As part of lemon lime philodendron care, you can also wash the leaves using a clean cloth and some lukewarm water to prevent dust particles clogging the leaves pores.

Repotting

This house plant typically doesn’t need repotting often (1-2 times a year at most), and can cope to a certain degree with having ‘bound roots’, but if it has the right growing conditions it can quickly outgrow its living environment.

It’s better to repot your plant rather than let it become more root bound.

Signs your lemon lime needs to be repotted include:

  • The plant physically looks too small for its pot
  • Its roots are shooting up through the top inch of soil
  • Its roots are spreading out of the pots drainage holes

When repotting your philodendron lemon lime, take into consideration the following:

  • The pot should be 2-3 inches wider in diameter than the last pot (no bigger)
  • The soil should be fast-draining and loose mixed with organic matter such as perlite
  • The pot should have its own drainage holes

Common Pests & Diseases (+ How to Fix)

You’ll be glad to know that the philodendron lemon lime is a hardy, resistant and durable plant that isn’t prone to many pests or diseases. If an infestation or disease were to spring up, it’s likely one of the following:

  • Mealybugs – sapsucking white scale bugs that can quickly cause an infestation if left untreated. Kill with insecticidal soap such as neem oil, an eco-friendly option.
  • Aphids – yellow, brown or even white tiny bugs that feed on the sap and juice of the plant. Again, neem oil is a good option here.
  • Erwinia Blight Disease – wet lesions or patches on the leaves of the plant that look mushy and see through. Occasionally, they can smell bad too. One of the most serious diseases philodendron’s face. Within a matter of days, this bacteria could kill your plant. Extremely tricky to treat. Prune off damaged leaves as fast as possible. If disease is too widespread and affecting the leaves and stems, it’s likely your plant is unsalvageable. 

Toxicity – is the lemon lime philodendron toxic?

Unfortunately, yes. All philodendron varieties are toxic to cats, dogs and small children if ingested. Their leaves contain calcium oxalate crystals which are poisonous.

Help! What’s wrong with my plant? – Common care issues with the philodendron lemon lime.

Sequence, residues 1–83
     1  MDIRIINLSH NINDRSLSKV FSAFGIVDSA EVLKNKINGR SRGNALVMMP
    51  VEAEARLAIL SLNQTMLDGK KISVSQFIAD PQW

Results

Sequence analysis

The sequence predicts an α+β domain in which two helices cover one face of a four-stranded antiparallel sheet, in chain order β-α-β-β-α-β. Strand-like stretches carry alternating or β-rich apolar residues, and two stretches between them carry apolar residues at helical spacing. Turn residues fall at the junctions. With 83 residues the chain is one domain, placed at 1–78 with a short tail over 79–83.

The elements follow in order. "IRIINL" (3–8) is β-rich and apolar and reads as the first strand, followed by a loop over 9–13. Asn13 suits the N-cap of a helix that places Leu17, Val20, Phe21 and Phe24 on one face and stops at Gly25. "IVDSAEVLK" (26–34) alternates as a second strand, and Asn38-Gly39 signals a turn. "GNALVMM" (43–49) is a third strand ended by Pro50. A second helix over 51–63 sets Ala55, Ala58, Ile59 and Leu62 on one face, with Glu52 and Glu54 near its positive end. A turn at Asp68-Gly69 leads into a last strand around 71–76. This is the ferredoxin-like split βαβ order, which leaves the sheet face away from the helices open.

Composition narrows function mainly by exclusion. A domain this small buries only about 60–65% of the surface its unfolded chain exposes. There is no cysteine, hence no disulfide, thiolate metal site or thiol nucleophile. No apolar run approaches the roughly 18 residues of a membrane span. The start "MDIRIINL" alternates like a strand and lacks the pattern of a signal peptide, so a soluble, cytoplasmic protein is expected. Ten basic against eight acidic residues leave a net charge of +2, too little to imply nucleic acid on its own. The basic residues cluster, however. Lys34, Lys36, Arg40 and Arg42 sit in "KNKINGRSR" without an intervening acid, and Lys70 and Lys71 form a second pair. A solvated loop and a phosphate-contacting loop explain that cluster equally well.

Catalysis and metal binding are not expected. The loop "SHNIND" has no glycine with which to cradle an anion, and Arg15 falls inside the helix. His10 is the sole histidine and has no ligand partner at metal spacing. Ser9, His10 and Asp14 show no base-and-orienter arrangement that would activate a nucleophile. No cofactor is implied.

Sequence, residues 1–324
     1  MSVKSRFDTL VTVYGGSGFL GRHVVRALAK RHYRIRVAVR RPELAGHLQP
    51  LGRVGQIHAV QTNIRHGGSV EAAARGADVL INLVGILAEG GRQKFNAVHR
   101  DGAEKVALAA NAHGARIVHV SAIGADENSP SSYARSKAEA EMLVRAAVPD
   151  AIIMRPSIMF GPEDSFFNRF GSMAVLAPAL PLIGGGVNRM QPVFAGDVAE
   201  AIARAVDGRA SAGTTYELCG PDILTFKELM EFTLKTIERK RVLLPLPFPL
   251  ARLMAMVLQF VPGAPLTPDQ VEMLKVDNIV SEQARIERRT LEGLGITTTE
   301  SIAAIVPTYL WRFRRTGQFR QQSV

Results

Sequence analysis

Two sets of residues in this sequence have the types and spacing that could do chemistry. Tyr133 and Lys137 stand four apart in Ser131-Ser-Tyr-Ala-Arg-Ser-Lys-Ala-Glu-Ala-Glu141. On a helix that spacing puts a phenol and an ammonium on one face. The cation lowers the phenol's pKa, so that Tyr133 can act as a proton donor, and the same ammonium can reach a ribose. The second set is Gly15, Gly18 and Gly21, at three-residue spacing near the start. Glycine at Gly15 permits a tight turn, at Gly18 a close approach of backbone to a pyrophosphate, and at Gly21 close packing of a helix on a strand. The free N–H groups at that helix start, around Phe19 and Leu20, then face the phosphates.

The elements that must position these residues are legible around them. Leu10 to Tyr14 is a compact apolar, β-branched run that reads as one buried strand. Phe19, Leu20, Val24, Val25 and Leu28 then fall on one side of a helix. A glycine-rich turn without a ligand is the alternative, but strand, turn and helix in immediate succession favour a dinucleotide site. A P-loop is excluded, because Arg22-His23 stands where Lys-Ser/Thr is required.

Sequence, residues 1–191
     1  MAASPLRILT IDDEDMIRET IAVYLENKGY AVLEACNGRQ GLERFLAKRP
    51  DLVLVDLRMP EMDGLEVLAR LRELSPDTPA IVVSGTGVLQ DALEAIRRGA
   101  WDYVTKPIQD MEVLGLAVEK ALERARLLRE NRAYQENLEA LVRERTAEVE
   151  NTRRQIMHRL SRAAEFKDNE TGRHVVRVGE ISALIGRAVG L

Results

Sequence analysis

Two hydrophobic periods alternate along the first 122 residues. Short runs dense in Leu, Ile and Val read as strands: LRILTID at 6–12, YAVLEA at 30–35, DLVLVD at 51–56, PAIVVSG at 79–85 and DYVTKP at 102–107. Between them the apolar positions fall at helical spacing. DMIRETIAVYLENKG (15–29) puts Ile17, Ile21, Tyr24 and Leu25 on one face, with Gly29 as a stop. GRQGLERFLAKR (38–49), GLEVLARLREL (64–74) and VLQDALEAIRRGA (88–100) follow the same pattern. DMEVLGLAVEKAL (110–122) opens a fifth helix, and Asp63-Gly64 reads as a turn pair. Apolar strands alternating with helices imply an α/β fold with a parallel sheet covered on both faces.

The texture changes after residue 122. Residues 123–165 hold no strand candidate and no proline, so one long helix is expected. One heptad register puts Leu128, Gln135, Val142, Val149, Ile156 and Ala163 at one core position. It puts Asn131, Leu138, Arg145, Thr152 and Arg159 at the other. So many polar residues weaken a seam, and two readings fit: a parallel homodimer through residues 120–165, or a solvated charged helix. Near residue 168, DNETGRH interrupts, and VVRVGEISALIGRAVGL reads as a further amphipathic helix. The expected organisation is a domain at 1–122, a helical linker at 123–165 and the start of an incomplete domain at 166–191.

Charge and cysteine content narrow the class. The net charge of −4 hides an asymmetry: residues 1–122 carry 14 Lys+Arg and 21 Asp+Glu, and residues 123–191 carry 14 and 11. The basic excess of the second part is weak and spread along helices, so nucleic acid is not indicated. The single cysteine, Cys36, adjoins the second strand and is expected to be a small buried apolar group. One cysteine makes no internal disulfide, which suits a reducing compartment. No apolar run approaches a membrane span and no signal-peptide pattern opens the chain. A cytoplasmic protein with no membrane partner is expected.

Problem #1 – Leaves are curling

Curling leaves can be caused by underwatering, root rot, pests or too much sunlight. The most likely culprits are underwatering and too much bright, direct sunlight.

Change the soil, making sure to check for root rot. Rotted roots are usually black in color and smell bad. Move your plant to a location that gets bright, indirect sunlight.

Problem #2 – Leaves are turning brown

Browning tips or edges suggest your plant isn’t receiving enough water. Considerably Increase water intake over the next week or so and mist regularly.

Browning leaves can also indicate that your plant is getting too much direct sunlight. Brown leaves can be a sign of scorching. Prune the damaged, burnt leaves just above the leaf node and move to a shadier location.

Lemon Lime Philodendron vs Neon Pothos – What’s the Difference?

At first glance, the lemon lime philodendron and the neon pothos look extremely alike. The only difference between the two is the shape and texture of the leaves. Neon pothos tend to have thicker, more narrow and detailed leaves, whereas lemon lime philodendrons have softer and more heart-shaped leaves. 

Lemon Lime Philodendron vs Moonlight – What’s the Difference?

The difference between the lemon lime philodendron and the moonlight is subtle. The lemon lime philodendron is a climbing vine that has heart-shaped leaves, similar to that of a heartleaf philodendron, whereas the moonlight is more of a shrub that has brighter, elongated leaves. 

More Philodendron Care Guides

The Rare Philodendron White Knight: Keeping Its Stunning Variegation Bright

Philodendron Hastatum: How to Care For Your Silver Sword Plant

Philodendron Birkin: Best Kept Care Secrets

photo of Charlotte Bailey founder of Oh So Garden

Author

Charlotte Bailey

Charlotte is a Qualified Royal Horticultural Society Horticulturist, plant conservationist, and founder of Oh So Garden. Armed with a background in Plant Science (BSc Hons, MSc) and 5 years of hands-on experience in the field, her in-depth guides are read by over 100,000 people every month.

For her work, she's been awarded the title of Yale Young Global Scholar, and been featured as a garden and houseplant expert across major networks and national publications such as Homes and Garden, Best Life, Gardeningetc, Today.com, BHG, Real Homes, and Country Living. You can find her on Linkedin.